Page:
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Killzone: Shadow Fall (PS4)
Game Reviews

Killzone: Shadow Fall (PS4)

Killzone goes next-gen with dazzling visuals, yet changes to the formula create a more confusing experience than a better one.

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Killzone has always been a dependable series for its dazzling environments, awe-inspiring graphics, and adrenaline-laced shooter action. It’s also been horribly bland over the years. The Helghast may have some cool helmets, and the series lore is complex enough to give greats like Halo a run for its money. But it suffers from being bland and tiresome, a glossy veneer of polish over lackluster level design, seemingly endless winding industrial corridors, and multiple instances of confusion surrounding the ever-present question: “where should I go next?”

What’s interesting is I am hesitant to call Killzone: Shadow Fall bland because of its set design, color palette, or shootouts. It’s surprisingly competent in the aesthetic department, especially since it’s traded in the dirt browns and rust reds of past iterations for a shining, more dazzling look that’s much more appropriate for the story at hand. Linearity has also been taken away for a more open-world play style, one in which that requires adaptation to tactical shooter mechanics. So how’s it still manage to be quite boring?

Pretty easily, as it turns out. The cliche melodrama at the game’s plot exposition gets things started on the wrong foot. As Vektan Lucas Kellan, you grow up in a time where your planet has been invaded by the Helghast, with a wall dividing Vekta City from territory usurped by the malevolent alien race. Lucas sees his father killed by the Helghast army at an early age and grows up in a time of uneasy peace — when he’s old enough to fight back, he does so, and that’s where you come in. It’s a story that’s been told time and time again, and not one that’s even slightly engaging. You’ll have seen it so many times it won’t even strike a chord when Lucas’ father dies – it’s old hat by now.

From the onset of the game it seems as though you’re in for an intriguing ride, however, just from the availability of Lucas’ drone device — the OWL — and its ability to settle into several different modes. You can use the PS4 controller’s touch pad to swipe between different modes, which is fairly novel and interesting, and from the first cliff you see where you need to quickly dispatch Helghast soldiers, you might think there might be some entertaining uses for it. But the OWL quickly devolves into little more than a gimmick, being reused for the same tired purposes over and over. It can disable alarms, attack soldiers, create a shield to act as a bullet sponge, and can send out EMP pulses. It’s pretty vanilla stuff, but at least it gives you a reason to put the touchpad to good use, since it’ll likely be languishing among your fledgling PlayStation 4 collection.

There was the potential for an open world sprinkled with environmental puzzles, smart ideas for navigation, and more, and most of your time is still spend locked in shootouts where you’re forced to find cover if you want to live. When you can use the OWL’s zip line feature, more of the map is opened up, but you’re still following a cut-and-dry path that can even be hard to discern sometimes. The waypoint marker can be hard to see and doesn’t stay up as long as it could, and even though you know the objective is laid out in front of you, it can be tough to reach because it’s not easy to visualize. You’re left stuck sometimes wondering where exactly to zipline to, or which path to take to the objective. Rather than feeling like an open world, you’re left to puzzle out which way the game actually wants you to take, and that’s more frustrating than novel.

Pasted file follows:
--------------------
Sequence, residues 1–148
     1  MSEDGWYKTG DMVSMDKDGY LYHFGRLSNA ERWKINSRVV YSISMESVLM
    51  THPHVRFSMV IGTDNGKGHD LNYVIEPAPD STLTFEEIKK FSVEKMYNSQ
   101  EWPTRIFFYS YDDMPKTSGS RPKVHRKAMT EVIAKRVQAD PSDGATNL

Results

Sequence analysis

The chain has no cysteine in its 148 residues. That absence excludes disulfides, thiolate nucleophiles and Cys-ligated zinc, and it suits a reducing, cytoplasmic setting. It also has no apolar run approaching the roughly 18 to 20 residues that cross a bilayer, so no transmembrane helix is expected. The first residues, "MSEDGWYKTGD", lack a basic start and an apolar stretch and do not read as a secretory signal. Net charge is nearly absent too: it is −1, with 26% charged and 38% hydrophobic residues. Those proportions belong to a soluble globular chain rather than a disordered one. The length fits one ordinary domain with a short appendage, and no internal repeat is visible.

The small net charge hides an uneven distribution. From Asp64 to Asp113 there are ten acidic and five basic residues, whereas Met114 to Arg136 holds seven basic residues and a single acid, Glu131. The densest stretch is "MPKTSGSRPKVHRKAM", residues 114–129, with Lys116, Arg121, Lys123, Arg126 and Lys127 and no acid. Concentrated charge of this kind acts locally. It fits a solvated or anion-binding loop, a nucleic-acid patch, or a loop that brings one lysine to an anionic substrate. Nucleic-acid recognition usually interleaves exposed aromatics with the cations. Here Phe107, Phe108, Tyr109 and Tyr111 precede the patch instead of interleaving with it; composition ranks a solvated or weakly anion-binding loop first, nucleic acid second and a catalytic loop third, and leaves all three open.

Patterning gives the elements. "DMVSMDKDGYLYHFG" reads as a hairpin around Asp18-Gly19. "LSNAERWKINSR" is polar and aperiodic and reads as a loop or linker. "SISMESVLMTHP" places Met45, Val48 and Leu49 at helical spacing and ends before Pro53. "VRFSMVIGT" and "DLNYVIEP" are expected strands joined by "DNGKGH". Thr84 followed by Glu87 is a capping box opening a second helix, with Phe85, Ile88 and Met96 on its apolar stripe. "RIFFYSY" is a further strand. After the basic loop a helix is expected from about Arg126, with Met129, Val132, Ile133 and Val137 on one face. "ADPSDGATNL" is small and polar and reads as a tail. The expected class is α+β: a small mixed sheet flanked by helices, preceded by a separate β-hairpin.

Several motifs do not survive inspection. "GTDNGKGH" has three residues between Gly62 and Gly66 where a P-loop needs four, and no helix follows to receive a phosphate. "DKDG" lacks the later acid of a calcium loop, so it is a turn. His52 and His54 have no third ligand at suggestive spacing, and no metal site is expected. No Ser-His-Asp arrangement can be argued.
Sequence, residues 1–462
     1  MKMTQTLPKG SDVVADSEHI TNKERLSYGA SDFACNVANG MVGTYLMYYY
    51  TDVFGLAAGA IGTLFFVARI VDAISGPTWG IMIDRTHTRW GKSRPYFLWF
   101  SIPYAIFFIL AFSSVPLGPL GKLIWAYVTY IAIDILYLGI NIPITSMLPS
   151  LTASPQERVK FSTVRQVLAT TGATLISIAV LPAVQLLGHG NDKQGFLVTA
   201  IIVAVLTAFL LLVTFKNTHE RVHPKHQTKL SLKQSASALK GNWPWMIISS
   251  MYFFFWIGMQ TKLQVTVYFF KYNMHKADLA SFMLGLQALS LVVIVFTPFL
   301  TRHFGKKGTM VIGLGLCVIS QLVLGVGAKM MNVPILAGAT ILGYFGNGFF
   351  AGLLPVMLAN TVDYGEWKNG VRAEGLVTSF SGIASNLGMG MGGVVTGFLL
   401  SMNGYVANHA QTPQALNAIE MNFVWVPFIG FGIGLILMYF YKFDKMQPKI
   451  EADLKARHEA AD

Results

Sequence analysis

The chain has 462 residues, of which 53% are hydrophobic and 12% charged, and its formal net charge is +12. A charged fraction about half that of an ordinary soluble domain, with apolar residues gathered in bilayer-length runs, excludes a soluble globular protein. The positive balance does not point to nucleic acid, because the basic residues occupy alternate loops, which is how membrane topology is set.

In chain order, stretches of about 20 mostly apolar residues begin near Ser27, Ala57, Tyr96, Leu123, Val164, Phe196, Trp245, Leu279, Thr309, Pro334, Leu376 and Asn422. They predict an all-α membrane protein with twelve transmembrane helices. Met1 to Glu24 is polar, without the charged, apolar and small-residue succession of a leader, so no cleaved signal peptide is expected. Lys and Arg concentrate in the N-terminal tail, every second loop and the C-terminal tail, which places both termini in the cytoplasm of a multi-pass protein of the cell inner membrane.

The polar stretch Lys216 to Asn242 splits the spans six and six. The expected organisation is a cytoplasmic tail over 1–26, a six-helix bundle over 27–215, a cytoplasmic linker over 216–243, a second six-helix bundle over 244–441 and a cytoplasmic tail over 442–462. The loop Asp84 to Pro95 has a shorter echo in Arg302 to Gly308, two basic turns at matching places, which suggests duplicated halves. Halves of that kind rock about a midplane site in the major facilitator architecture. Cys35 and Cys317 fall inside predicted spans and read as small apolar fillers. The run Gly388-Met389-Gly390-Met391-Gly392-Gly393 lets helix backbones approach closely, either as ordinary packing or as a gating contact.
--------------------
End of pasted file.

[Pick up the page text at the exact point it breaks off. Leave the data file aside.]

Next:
The single-player campaign is quite short, and your abundance of shootouts over the course of the game make it feel even shorter. When you’ve exhausted what you can from the single-player campaign, you’ll undoubtedly want to check out multiplayer as well. It’s a pretty basic affair with team deathmatches, classic Warzone, and a minimal class system that doesn’t inspire. You’ll likely be abandoning it for the much more richly-populated Call of Duty or Battlefield servers, though it’s competent if you’ve got a few friends you want to invite to the fold. The 1,500 challenges to complete throughout are more than enough reason to at least give it a try, if nothing else.

Killzone: Shadow Fall is lackluster, but it’s gorgeous. This will likely be one of the trifecta of games you’ll want to show off to friends who are on the fence about purchasing the console based on graphics capabilities alone. Aside from some bizarre facial expressions and a plastic feel to some of the environments, you’ll want to show it off – it looks awesome. It’s not quite at the level of Assassin’s Creed: Black Flag or Battlefield 4, but it’s still impressive in many ways.

It doesn’t reinvent the genre or even shooter conventions, and the changes made to the previously formulaic Killzone iterations are interesting, yet overall create a more confusing experience than a better one. If you’re looking for a straightforward shooter, you’ll be better served with Call of Duty: Ghosts or Battlefield 4, but if you want something a little different with a tiny bit of work for your touchpad, check out Shadow Fall instead.

About the Author: Brittany Vincent